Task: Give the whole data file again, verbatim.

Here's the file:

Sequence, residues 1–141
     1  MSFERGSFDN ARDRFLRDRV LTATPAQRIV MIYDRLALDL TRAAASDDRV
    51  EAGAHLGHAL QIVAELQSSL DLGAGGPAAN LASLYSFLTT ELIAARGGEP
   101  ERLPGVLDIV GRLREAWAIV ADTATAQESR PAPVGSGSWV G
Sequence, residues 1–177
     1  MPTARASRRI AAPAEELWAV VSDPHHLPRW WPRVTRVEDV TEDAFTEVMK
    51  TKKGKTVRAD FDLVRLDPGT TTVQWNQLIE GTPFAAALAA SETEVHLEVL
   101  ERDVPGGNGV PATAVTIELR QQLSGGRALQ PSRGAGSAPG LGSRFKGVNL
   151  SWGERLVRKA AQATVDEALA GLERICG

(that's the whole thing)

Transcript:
Sequence, residues 1–141
     1  MSFERGSFDN ARDRFLRDRV LTATPAQRIV MIYDRLALDL TRAAASDDRV
    51  EAGAHLGHAL QIVAELQSSL DLGAGGPAAN LASLYSFLTT ELIAARGGEP
   101  ERLPGVLDIV GRLREAWAIV ADTATAQESR PAPVGSGSWV G
Sequence, residues 1–177
     1  MPTARASRRI AAPAEELWAV VSDPHHLPRW WPRVTRVEDV TEDAFTEVMK
    51  TKKGKTVRAD FDLVRLDPGT TTVQWNQLIE GTPFAAALAA SETEVHLEVL
   101  ERDVPGGNGV PATAVTIELR QQLSGGRALQ PSRGAGSAPG LGSRFKGVNL
   151  SWGERLVRKA AQATVDEALA GLERICG